A few days later, we waited to board our puddle-jumper back to the U.S. The airport didn’t seem nearly as foreign. This was our son’s town, at least for now. And we were thanking God for granting such a remarkable adventure for David and for us.

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Meet Our Students

angelaAs part of our ongoing effort to highlight Westmont students, we asked the athletic office to interview soccer player Angela Brown.

For my inaugural article about Westmont athletes, I present one of my favorites, although that’s tough to say when they all tie for first place. Meet Ange, a senior, four-year soccer player and kinesiology major from Menifee, a little city in southwestern Riverside County known as “the Fee.” I grilled her with rapid-fire questions and recorded her first answer.

Age? 21

How often do you call your mom? Once a week. (Is that true, Mrs. Brown?)

How often do you go home? Three to four times a year.

Hardest class at Westmont? Psychology.

Easiest class? Statistics, which I took at a junior college.

Recreational reading the past four years? Zip, nada, none.

Favorite food in the DC? Chocolate milk.

Favorite chapels? Alistair Begg and Kirsten Moore.

How fast did these four years go? As fast as the Xcelerator at Knotts Berry Farm.

What would you change if Westmont gave you an office in Kerrwood?

  • Make the pool Olympic-size to test my swimming ability
  • Eliminate the no-tree-climbing rule so I and others could test our monkey climbing ability
  • Decrease the number of emails sent to students and possibly use Twitter or Snapchat instead.
  • Add a kickboxing class.

What do you love about Westmont?

  • Community. I enjoy coming to campus every day because I see people—friends, students, staff and faculty—I love.
  • Expectation. You can’t be mediocre here; you are always pushed to excellence.
  • Being known. I love the small-town feel.
  • Knowing others.
  • Faith. This is my driving factor as my relationships at Westmont reflect Christ and the love He has shared in my life. I can speak freely about God, which is one of the greatest gifts I’ve received. ”
  • Location. Santa Barbara is hard to beat. (Every time she complains that the 60s are too cold or the 80s are too hot, we set her straight.)

That’s Angela Brown in a nutshell, a student well-loved in her classes, on her soccer team and in the athletics office, where she works. We will miss her greatly when she graduates in May, but we can’t wait to see where she lands and what she does in life.

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Did You Know?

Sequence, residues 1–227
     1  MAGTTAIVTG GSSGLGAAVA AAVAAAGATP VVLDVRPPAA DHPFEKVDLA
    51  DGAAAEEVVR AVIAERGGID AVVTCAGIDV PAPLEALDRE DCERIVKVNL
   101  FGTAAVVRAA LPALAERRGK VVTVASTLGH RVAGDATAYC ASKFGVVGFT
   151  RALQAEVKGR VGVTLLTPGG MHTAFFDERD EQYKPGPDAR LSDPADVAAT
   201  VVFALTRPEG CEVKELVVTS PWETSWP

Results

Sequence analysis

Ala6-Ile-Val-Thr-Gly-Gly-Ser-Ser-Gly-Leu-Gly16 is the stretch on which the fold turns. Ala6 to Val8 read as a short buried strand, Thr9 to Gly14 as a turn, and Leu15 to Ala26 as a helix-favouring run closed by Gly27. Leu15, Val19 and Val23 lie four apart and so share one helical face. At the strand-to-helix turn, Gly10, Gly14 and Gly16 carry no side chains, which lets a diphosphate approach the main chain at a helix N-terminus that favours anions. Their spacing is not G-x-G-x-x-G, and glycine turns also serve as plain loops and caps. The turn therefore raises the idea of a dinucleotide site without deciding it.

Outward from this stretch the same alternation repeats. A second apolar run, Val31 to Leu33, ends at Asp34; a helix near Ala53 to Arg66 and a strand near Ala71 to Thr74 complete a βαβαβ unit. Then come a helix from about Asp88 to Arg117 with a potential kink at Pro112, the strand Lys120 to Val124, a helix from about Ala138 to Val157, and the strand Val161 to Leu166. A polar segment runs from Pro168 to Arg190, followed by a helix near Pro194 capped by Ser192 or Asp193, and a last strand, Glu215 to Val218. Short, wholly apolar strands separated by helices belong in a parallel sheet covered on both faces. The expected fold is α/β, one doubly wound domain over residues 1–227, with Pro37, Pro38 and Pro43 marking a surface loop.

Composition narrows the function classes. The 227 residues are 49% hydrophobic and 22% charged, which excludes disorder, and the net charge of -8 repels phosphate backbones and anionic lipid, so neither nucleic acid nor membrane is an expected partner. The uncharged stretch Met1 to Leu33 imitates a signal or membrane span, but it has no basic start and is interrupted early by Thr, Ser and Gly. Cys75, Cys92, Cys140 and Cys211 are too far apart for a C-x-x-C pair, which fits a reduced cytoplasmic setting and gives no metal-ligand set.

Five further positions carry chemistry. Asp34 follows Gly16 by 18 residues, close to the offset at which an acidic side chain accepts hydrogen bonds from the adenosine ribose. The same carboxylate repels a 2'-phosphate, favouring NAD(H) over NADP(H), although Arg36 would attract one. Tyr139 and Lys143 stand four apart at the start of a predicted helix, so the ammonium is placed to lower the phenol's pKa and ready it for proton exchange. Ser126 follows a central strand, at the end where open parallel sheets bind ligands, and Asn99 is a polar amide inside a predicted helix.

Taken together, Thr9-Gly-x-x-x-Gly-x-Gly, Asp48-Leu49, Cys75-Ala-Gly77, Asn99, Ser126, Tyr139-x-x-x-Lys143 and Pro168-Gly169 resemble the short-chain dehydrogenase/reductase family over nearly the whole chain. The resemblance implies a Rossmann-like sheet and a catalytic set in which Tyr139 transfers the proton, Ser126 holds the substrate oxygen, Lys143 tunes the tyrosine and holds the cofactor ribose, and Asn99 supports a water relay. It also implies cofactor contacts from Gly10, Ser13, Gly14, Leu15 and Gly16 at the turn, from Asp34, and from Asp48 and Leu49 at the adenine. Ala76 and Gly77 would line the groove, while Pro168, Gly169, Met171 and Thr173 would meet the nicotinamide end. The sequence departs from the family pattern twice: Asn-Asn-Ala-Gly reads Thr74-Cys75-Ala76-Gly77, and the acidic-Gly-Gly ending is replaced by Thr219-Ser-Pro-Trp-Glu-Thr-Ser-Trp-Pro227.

nivaProvost Mark Sargent has launched Vistas, a blog featuring a series of essays by professors and staff members. This month features pieces by Amanda Sparkman, assistant professor of biology, on metaphors in natural selection and Niva Tro, professor of chemistry, on the virtues of the liberal arts. Political Science professor Tom Knecht has written two essays on politics: “I’m in Waste Management” and “You’re Voting Wrong.” We encourage you to read these posts and learn a little more about out outstanding faculty. You’ll be able to hear an interesting talk by Professor Knecht on Friday afternoon of Parents Weekend and ask questions.

Enjoy reading the inaugural series of Vistas.

 

Important Links

Parents Weekend – Register NOW! We want to see you again and so do your students.

Parents Weekend Schedule – We’ve got you covered because your student will be busy with all things Spring Sing.

Spring Sing Information – Many important details you’ll want to know if you’re attending.

Spring Sing Tickets – Purchase those NOW too!

Westmont Bookstore – Shop for gifts & gear online!

Parents and Families – Find information specifically for YOU!

Campus Life – Find information about student-run organizations, clubs and ministries

Student Life – Find information for all student life offices, such as the Counseling and Health Centers, Career Development & Calling, and more

Westmont Athletics – See Warrior Sports calendars and subscribe to the Warrior Update

Westmont Counseling Center – Find information about counseling services available to your student

Westmont Ridley-Tree Museum of Art – Discover information about the museum and exhibits

iTunes U – Access the archive of Westmont chapels, lectures and events at itunesu.westmont.edu